Friday, September 05, 2014

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[IWS] BLS: THE EMPLOYMENT SITUATION -- AUGUST 2014 [5 September 2014]

IWS Documented News Service

_______________________________

Institute for Workplace Studies-----------------Professor Samuel B. Bacharach

School of Industrial & Labor Relations-------- Director, Institute for Workplace Studies

Cornell University

16 East 34th Street, 4th floor--------------------Stuart Basefsky

New York, NY 10016 -------------------------------Director, IWS News Bureau

________________________________________________________________________

This service is supported, in part, by donations. Please consider making a donation by following the instructions at http://www.ilr.cornell.edu/iws/news-bureau/support.html

 

THE EMPLOYMENT SITUATION -- AUGUST 2014 [5 September 2014]

http://www.bls.gov/news.release/empsit.nr0.htm

or

http://www.bls.gov/news.release/pdf/empsit.pdf

[full-text, 39 pages]

and

Supplemental Files Table of Contents

http://www.bls.gov/web/empsit.supp.toc.htm

 

 

Total nonfarm payroll employment increased by 142,000 in August, and the

unemployment rate was little changed at 6.1 percent, the U.S. Bureau of Labor

Statistics reported today. Job gains occurred in professional and business

services and in health care.

 

Household Survey Data

 

In August, both the unemployment rate (6.1 percent) and the number of unemployed

persons (9.6 million) changed little. Over the year, the unemployment rate and

the number of unemployed persons were down by 1.1 percentage points and 1.7 million,

respectively. (See table A-1.)

 

Among the major worker groups, the unemployment rates in August showed little or

no change for adult men (5.7 percent), adult women (5.7 percent), teenagers (19.6

percent), whites (5.3 percent), blacks (11.4 percent), and Hispanics (7.5 percent).

The jobless rate for Asians was 4.5 percent (not seasonally adjusted), little

changed from a year earlier. (See tables A-1, A-2, and A-3.)

 

The number of long-term unemployed (those jobless for 27 weeks or more) declined

by 192,000 to 3.0 million in August. These individuals accounted for 31.2 percent

of the unemployed. Over the past 12 months, the number of long-term unemployed has

declined by 1.3 million. (See table A-12.)

 

The civilian labor force participation rate, at 62.8 percent, changed little in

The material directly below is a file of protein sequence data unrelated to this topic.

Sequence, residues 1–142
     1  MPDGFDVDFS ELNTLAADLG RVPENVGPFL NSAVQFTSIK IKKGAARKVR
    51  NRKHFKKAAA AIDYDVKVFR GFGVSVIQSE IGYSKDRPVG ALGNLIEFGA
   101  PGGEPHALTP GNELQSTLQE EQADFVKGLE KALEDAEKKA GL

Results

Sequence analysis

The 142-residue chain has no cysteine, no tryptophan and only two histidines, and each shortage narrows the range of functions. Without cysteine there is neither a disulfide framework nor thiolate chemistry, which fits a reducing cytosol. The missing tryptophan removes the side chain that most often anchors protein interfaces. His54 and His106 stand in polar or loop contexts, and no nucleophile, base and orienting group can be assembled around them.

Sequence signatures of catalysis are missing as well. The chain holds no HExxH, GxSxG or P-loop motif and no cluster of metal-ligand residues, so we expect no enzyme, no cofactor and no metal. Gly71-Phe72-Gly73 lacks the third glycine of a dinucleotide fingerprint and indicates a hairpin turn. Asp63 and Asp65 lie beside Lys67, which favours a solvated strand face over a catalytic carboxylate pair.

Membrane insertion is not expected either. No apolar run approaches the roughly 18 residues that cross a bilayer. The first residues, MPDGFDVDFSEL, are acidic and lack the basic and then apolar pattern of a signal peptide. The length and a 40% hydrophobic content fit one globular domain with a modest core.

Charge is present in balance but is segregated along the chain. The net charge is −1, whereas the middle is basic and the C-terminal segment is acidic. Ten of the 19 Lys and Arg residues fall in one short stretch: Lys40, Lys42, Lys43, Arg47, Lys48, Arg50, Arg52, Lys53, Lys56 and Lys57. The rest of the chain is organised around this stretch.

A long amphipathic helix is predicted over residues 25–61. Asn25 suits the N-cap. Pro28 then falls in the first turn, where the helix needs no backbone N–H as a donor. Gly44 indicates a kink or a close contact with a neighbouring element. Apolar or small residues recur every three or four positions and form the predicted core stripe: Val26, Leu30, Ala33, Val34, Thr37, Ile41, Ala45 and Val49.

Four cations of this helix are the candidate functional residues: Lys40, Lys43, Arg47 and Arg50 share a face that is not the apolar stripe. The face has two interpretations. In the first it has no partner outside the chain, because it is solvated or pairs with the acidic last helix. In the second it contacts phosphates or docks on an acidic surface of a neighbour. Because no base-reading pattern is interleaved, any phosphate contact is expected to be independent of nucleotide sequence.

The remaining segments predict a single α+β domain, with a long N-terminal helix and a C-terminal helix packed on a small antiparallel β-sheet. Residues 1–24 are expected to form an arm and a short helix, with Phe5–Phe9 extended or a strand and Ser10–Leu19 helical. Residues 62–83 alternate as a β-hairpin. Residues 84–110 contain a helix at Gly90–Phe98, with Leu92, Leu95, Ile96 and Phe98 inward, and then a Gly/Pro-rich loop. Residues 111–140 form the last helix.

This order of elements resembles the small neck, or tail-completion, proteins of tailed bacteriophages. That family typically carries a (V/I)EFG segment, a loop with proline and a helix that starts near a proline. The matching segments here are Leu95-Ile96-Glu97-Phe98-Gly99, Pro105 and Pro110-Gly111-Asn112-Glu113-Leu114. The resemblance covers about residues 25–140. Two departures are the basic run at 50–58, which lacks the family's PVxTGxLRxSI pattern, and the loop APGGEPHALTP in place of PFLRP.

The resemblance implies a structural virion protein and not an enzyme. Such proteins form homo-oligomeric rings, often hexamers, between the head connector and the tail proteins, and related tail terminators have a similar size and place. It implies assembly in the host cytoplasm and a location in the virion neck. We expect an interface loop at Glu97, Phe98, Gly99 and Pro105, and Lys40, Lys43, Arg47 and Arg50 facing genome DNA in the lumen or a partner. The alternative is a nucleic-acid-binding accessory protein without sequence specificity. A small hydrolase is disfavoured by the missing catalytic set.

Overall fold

August and has been essentially unchanged since April. In August, the employment-

population ratio was 59.0 percent for the third consecutive month but is up by 0.4

percentage point from a year earlier. (See table A-1.)

 

The number of persons employed part time for economic reasons (sometimes referred

to as involuntary part-time workers) was little changed in August at 7.3 million.

These individuals were working part time because their hours had been cut back or

because they were unable to find a full-time job. (See table A-8.)

 

In August, 2.1 million persons were marginally attached to the labor force, down

by 201,000 from a year earlier. (The data are not seasonally adjusted.) These

individuals were not in the labor force, wanted and were available for work, and

had looked for a job sometime in the prior 12 months. They were not counted as

unemployed because they had not searched for work in the 4 weeks preceding the

survey. (See table A-16.)

 

Among the marginally attached, there were 775,000 discouraged workers in August,

little changed from a year earlier. (The data are not seasonally adjusted.)

Discouraged workers are persons not currently looking for work because they

believe no jobs are available for them. The remaining 1.4 million persons

marginally attached to the labor force in August had not searched for work

for reasons such as school attendance or family responsibilities. (See

table A-16.)

 

AND MUCH MORE...including TABLES....

 

________________________________________________________________________

This information is provided to subscribers, friends, faculty, students and alumni of the School of Industrial & Labor Relations (ILR). It is a service of the Institute for Workplace Studies (IWS) in New York City. Stuart Basefsky is responsible for the selection of the contents which is intended to keep researchers, companies, workers, and governments aware of the latest information related to ILR disciplines as it becomes available for the purposes of research, understanding and debate. The content does not reflect the opinions or positions of Cornell University, the School of Industrial & Labor Relations, or that of Mr. Basefsky and should not be construed as such. The service is unique in that it provides the original source documentation, via links, behind the news and research of the day. Use of the information provided is unrestricted. However, it is requested that users acknowledge that the information was found via the IWS Documented News Service.

 

 

 

 

 

 

 

 

 




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